Currently in discussion on slashdot, here is their summary : "A simple $30 GPS jammer made in China can ruin your day. It doesn't just affect your car's navigation — ATM machines, cell phone towers, plane, boat, train navigation systems all depend upon GPS signals that are easily blocked. These devices fail badly — with no redundancy. These jammers can be used to defeat vehicle tracking products — but end up causing a moving cloud of chaos. The next wave of anti-GPS devices include GPS spoofers to trick or confuse nearby devices."
Here's the recent geonews that haven't made it into an individual story in batch mode.
From the open source / open data front:
From the ESRI front:
In the everything-else category:
In the maps category:
During my absence last week, Slashdot discussed a story named Kids Who Skip School Get Tracked By GPS.
Their summary: "Frustrated by students habitually skipping class, police and the Anaheim Union High School District are turning to GPS tracking to ensure they come to class. The six-week pilot program is the first in California to test GPS. Seventh- and eighth-graders with four unexcused absences or more this school year are assigned to carry a handheld GPS device, about the size of a cell phone. Five times a day, they are required to enter a code that tracks their locations – as they leave for school, when they arrive at school, at lunchtime, when they leave school and at 8 p.m."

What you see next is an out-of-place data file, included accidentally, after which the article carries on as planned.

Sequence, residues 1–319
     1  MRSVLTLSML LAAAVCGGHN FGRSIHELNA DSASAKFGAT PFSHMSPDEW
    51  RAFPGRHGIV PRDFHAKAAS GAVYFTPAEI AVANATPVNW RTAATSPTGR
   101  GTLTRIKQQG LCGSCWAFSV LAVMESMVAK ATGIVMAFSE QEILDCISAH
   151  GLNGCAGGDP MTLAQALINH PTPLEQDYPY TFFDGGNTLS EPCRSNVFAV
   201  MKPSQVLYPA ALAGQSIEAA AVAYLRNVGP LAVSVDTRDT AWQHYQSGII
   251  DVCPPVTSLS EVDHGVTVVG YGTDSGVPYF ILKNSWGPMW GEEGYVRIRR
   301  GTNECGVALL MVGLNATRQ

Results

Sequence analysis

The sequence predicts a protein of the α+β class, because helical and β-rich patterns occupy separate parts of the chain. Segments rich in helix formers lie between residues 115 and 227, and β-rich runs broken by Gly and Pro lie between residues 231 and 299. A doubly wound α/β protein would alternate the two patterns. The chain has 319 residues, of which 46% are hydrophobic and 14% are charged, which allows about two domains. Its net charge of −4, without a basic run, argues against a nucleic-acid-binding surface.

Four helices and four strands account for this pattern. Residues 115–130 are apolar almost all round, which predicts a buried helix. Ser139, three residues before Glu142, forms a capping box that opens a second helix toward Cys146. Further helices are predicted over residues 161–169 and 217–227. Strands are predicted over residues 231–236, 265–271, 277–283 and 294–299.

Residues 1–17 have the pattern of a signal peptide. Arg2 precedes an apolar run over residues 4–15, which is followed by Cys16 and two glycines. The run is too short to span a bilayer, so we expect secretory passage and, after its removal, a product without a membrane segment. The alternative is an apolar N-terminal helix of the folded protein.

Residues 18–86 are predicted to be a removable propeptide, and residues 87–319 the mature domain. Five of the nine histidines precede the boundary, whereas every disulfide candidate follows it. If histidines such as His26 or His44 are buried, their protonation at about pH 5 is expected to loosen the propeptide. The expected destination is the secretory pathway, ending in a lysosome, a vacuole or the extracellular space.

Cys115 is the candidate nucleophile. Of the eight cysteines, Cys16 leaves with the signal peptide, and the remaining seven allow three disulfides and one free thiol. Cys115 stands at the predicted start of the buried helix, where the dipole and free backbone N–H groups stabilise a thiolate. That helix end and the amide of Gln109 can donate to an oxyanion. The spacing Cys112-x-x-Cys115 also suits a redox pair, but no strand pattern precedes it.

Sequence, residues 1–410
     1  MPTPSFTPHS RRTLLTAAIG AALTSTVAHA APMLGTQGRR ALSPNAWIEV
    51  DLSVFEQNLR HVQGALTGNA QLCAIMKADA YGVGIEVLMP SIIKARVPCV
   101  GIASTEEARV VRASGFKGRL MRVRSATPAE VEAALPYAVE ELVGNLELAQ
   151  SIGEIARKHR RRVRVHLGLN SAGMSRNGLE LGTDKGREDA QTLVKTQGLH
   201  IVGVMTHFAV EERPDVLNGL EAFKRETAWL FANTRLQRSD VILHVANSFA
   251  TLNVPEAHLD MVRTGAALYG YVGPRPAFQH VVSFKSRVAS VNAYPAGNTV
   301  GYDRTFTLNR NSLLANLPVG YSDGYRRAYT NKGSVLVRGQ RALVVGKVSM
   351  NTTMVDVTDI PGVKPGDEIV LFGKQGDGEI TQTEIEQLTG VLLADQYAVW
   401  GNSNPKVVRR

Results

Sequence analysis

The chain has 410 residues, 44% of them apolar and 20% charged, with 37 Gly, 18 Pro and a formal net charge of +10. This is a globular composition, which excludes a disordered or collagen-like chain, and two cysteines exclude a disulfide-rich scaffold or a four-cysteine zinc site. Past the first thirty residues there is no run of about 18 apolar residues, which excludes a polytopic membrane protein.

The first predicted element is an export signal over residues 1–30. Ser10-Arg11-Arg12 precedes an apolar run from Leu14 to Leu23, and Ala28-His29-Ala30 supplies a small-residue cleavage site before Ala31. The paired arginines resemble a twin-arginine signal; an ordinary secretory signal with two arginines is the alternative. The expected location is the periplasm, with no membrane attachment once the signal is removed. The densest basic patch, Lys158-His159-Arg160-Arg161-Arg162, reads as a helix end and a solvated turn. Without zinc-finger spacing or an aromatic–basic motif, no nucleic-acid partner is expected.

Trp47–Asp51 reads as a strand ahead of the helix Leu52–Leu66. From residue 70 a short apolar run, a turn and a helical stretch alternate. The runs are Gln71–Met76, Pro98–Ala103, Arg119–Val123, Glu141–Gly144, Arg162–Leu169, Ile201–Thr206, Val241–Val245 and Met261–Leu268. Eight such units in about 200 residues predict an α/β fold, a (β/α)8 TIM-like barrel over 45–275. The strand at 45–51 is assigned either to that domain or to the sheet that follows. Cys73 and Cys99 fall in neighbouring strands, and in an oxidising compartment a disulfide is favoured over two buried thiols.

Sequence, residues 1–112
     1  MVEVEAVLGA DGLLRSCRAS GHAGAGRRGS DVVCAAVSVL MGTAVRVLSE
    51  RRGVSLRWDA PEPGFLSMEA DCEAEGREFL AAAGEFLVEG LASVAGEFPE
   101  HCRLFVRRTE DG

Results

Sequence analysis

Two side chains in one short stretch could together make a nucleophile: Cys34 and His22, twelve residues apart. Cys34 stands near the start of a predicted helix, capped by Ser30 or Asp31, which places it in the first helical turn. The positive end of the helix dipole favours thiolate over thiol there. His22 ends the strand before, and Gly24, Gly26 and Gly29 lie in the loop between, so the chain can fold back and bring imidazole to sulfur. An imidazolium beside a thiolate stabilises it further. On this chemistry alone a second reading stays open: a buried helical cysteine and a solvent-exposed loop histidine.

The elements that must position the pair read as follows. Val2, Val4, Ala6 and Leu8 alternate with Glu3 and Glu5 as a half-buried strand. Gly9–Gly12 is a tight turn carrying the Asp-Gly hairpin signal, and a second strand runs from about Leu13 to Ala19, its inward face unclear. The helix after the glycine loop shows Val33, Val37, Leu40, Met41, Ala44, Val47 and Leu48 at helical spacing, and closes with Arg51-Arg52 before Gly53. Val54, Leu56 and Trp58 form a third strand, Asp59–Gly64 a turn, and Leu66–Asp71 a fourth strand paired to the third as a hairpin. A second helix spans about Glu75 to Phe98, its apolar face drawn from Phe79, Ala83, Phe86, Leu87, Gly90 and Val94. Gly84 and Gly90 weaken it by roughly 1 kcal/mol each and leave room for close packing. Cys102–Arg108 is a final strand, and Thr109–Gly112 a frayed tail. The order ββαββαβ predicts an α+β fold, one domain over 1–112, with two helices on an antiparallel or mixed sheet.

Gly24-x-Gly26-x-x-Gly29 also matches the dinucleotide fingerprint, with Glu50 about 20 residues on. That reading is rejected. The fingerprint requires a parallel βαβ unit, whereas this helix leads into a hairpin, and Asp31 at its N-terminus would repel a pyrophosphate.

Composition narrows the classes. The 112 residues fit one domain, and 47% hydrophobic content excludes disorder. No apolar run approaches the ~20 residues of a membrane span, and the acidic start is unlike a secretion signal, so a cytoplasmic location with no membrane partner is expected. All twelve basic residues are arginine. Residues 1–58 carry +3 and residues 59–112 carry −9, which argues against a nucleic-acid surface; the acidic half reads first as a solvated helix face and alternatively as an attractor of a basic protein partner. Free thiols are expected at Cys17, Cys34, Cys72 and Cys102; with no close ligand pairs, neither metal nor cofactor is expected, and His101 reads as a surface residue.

CAMBRIDGE, UK, 21st February 2011 – Cambridge Wirelessannounced today the latest presentation from the Location Based Systems / Service Special Interest Group in collaboration with CoDE, The Cultures of the Digital Economy (CoDE) Research Institute, Anglia Ruskin University. The event will be taking place on 23rd March and is kindly sponsored by CSR, Cambridge. For more information, please visit www.cambridgewireless.co.uk/events
This special Location SIG event explores the sensitive issue of privacy vs. personalised services. Most smart-phones have built in GPS and an increasing number of applications make use of the location capability of the phone, with this real and exciting development of new technology comes the time to debate the implications for personal privacy.